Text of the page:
<property name="filterProcessesUrl" value="/j_spring_security_check" />
        			<property name="authenticationFailureUrl" value="/doLogin.htm?login_error=1"/>
        			<property name="defaultTargetUrl" value="/index.htm" />
        	</bean>
        
           <bean id="url1LoginAuthenticationEntryPoint" class="org.springframework.security.ui.webapp.AuthenticationProcessingFilterEntryPoint">
        		<property name="loginFormUrl" value="/doLogin.htm" />
        	</bean>
        
           <bean id="url1ExceptionTranslationFilter" 
        		class="org.springframework.security.ui.ExceptionTranslationFilter" 
        		p:authenticationEntryPoint-ref="url1LoginAuthenticationEntryPoint" />
        
           <bean id="roleVoter" class="org.springframework.security.vote.RoleVoter">
        		<property name="rolePrefix" value="ROLE_" />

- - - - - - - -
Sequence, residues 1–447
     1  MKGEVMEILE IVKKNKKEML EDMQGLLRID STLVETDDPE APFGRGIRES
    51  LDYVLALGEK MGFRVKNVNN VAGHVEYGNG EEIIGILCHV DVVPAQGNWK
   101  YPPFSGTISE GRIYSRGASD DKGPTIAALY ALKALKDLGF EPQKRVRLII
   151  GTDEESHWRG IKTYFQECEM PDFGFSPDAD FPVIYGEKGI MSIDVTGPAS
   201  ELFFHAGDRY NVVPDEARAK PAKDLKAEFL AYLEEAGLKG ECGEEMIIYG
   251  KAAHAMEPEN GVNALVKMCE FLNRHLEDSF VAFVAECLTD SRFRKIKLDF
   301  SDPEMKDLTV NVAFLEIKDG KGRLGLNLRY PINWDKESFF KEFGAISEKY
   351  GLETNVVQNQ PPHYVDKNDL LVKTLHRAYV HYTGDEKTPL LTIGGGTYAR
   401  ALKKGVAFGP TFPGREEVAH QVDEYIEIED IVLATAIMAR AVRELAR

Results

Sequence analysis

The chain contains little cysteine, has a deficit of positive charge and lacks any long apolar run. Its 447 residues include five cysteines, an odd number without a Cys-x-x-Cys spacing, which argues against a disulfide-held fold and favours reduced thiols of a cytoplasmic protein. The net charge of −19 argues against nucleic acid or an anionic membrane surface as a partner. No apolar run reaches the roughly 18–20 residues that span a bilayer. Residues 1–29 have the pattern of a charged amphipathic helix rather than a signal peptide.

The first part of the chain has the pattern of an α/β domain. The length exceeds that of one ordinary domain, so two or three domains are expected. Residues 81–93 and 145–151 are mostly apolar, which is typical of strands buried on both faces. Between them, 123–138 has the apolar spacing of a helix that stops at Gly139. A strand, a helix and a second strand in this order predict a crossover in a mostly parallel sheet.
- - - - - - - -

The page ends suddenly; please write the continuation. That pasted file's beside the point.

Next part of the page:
</bean>
        	
           <bean id="accessDecisionManager" class="org.springframework.security.vote.UnanimousBased">
        		<property name="decisionVoters">
        			<list>
        				<ref bean="roleVoter" />
        			</list>
        		</property>
           </bean>
        	
           <bean id="filterSecurityInterceptor" 
        		class="org.springframework.security.intercept.web.FilterSecurityInterceptor"
        		p:authenticationManager-ref="authenticationManager"
        		p:accessDecisionManager-ref="accessDecisionManager">
        
        		<property name="objectDefinitionSource">
            		<sec:filter-invocation-definition-source>
              			<sec:intercept-url pattern="/url1/*" access="ROLE_1" />